12. 12. Solid Waste in India  7.2 million tonnes of hazardous waste  One Sq km of additional landfill area every-year  Rs 1600 crore for treatment & disposal of these wastes  In addition to this industries discharge about 150 million tonnes of high volume low hazard waste every year, which is mostly dumped on open low lying land areas. Growth of Solid Waste In India  Waste is growing by leaps & bounds  In 1981-91, population of Mumbai increased from 8.2 million to 12.3 million  During the same period, municipal solid waste has grown from 3200 tonnes to 5355 tonne, an increase of 67%  City like Bangalore produces 2000 tonnes of waste per annum.  Waste collection is very low for all Indian cities.
  13. 13. Waste Collection in India  Primarily by the city municipality -No gradation of waste product e.g. bio-degradable, glasses, polybags, paper shreds etc -Dumps these wastes to the city outskirts  Local raddiwala / kabadiwala  -Collecting small iron pieces by magnets -Collecting glass bottles -Collecting paper for recycling How solid waste affected us in recent years?  In Mumbai (2005) clogged the sewage line due to large no. of plastic bags.  Blast in the Bhusan Steel factory at Noida, caused due to imported scrap from Iran  Reduction in the number of migratory birds due to consumption of contaminated foods  animals dying on streets and farmland due to consumption of plastic bags, which blocks the food movement in their stomach
  14. 14. HEALTH IMPACTS OF SOLID WASTE  Exposure to hazardous waste can affect human health, children being more vulnerable to these pollutants.  Improperly operated incineration plants cause air pollution and improperly managed and designed landfills attract all types of insects that spread disease.  Direct handling of solid waste results in chronic diseases with the waste workers.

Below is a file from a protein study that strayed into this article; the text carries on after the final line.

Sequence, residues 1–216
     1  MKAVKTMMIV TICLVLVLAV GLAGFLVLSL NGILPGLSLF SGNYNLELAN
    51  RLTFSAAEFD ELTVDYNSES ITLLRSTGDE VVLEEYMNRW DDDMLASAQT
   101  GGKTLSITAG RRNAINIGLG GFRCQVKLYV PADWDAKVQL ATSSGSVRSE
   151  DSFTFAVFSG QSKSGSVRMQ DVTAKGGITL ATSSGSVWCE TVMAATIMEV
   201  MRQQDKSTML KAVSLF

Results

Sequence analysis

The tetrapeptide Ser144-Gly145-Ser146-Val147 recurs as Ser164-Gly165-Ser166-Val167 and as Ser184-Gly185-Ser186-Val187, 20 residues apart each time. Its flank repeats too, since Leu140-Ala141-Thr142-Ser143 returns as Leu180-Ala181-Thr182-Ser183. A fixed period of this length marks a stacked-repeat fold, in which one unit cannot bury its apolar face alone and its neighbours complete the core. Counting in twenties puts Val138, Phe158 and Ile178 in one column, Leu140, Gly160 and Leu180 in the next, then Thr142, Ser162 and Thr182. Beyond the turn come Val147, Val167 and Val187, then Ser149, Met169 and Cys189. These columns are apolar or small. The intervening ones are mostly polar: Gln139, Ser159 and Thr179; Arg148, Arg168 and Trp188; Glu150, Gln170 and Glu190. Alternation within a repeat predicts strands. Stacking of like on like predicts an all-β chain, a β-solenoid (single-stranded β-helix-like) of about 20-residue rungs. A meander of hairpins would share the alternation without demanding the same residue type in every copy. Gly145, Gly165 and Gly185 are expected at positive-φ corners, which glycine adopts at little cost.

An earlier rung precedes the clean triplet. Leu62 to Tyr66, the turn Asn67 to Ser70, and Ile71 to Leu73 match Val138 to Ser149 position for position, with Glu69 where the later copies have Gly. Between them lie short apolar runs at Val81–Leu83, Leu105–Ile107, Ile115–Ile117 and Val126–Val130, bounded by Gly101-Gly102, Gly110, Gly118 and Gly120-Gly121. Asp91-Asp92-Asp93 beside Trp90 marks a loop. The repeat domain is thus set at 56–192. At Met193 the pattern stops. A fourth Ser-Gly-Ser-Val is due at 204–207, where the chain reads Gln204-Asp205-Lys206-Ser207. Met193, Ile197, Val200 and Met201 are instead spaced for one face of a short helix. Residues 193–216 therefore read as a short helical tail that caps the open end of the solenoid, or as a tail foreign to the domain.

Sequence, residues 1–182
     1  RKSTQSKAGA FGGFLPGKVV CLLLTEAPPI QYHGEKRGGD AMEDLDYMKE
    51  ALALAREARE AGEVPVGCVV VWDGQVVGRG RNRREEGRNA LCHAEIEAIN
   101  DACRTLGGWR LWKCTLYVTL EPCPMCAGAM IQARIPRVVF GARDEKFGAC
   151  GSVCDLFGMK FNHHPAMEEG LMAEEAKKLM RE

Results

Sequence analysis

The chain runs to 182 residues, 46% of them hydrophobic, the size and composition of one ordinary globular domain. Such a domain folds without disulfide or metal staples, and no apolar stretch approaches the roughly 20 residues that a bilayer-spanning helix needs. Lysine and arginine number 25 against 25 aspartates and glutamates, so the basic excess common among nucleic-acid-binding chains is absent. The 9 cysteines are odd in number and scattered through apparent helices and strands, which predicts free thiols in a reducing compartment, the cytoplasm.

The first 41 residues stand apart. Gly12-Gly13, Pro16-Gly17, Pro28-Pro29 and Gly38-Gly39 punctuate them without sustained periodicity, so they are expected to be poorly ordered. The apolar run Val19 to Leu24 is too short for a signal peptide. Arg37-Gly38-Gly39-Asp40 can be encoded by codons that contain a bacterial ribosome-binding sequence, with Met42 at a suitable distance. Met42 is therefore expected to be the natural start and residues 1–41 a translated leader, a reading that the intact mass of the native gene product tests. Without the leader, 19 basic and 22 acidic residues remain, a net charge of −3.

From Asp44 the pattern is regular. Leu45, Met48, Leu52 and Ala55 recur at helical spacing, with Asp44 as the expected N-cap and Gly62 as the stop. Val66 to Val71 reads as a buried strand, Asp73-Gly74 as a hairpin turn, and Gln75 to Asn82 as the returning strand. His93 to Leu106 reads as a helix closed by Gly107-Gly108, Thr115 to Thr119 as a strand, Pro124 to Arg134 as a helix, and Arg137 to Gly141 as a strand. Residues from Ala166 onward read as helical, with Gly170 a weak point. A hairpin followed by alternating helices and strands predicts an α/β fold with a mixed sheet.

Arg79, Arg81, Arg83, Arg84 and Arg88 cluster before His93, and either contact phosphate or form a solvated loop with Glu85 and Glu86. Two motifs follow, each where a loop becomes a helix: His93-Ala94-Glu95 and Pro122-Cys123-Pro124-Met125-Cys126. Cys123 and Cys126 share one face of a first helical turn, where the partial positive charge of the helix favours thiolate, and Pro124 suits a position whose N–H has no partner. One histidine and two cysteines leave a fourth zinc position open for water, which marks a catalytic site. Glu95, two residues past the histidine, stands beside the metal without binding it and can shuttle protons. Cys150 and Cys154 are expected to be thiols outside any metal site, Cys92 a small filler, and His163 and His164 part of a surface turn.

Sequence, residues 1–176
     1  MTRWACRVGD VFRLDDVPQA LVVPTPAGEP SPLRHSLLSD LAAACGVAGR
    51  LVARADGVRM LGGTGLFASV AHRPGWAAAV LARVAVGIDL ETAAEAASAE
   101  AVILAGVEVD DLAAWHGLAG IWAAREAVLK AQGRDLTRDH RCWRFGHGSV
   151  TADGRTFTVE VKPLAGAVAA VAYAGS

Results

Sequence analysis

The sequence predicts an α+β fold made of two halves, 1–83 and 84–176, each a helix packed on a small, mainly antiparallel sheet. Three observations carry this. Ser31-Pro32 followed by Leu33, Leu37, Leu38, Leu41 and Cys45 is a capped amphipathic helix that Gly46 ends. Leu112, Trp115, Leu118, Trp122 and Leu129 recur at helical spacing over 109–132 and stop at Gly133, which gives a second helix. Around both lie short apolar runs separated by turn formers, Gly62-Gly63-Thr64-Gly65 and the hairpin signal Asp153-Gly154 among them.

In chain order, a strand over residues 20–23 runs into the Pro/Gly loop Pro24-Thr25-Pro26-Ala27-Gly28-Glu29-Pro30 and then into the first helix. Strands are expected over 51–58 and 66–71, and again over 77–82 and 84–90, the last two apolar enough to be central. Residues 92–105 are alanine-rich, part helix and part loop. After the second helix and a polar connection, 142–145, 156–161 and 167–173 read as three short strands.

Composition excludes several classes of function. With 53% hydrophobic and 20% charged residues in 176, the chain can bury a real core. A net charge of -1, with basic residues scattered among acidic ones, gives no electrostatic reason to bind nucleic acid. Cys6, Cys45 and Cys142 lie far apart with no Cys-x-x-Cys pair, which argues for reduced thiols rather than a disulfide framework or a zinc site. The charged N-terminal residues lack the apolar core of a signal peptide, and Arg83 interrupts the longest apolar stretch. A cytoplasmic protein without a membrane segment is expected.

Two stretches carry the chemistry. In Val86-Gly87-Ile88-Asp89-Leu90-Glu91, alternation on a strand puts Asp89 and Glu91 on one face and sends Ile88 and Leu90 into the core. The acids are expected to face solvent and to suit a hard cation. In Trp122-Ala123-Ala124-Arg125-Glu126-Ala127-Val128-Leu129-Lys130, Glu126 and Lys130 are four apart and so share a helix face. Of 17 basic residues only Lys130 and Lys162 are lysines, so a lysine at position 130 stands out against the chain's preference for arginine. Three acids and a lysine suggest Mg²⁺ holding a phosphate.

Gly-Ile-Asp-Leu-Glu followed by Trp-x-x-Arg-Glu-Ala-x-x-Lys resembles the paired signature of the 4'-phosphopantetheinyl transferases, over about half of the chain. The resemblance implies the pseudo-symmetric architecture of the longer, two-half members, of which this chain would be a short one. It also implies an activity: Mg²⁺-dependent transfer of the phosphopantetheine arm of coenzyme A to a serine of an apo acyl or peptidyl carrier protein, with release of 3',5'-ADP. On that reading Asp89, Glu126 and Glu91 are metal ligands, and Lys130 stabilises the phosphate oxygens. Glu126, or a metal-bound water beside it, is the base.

15. 15. 1.LAND FILL  It is the most traditional method of waste disposal.  Waste is directly dumped into disused quarries, mining voids or borrow pits.  Disposed waste is compacted and covered with soil  Gases generated by the decomposing waste materials are often burnt to generate power.  It is generally used for domestic waste.
  16. 16. ADVANTAGES Landfill site is a cheap waste disposal option for the local council. Jobs will be created for local people. Lots of different types of waste can be disposed of by landfill in comparison to other waste disposal methods. The gases given off by the landfill site could be collected and used for generating power. DISADVANTAGES The site will look ugly while it is being used for landfill. Dangerous gases are given off from landfill sites that cause local air pollution and contribute to global warming. Local streams could become polluted with toxins seeping through the ground from the landfill site. Once the site has been filled it might not be able to be used for redevelopment as it might be too polluted.